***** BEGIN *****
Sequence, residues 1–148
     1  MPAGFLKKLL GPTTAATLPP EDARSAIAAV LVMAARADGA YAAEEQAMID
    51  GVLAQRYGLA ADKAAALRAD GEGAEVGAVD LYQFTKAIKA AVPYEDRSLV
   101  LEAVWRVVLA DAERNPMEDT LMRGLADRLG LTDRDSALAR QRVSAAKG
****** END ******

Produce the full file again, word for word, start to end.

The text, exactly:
Sequence, residues 1–148
     1  MPAGFLKKLL GPTTAATLPP EDARSAIAAV LVMAARADGA YAAEEQAMID
    51  GVLAQRYGLA ADKAAALRAD GEGAEVGAVD LYQFTKAIKA AVPYEDRSLV
   101  LEAVWRVVLA DAERNPMEDT LMRGLADRLG LTDRDSALAR QRVSAAKG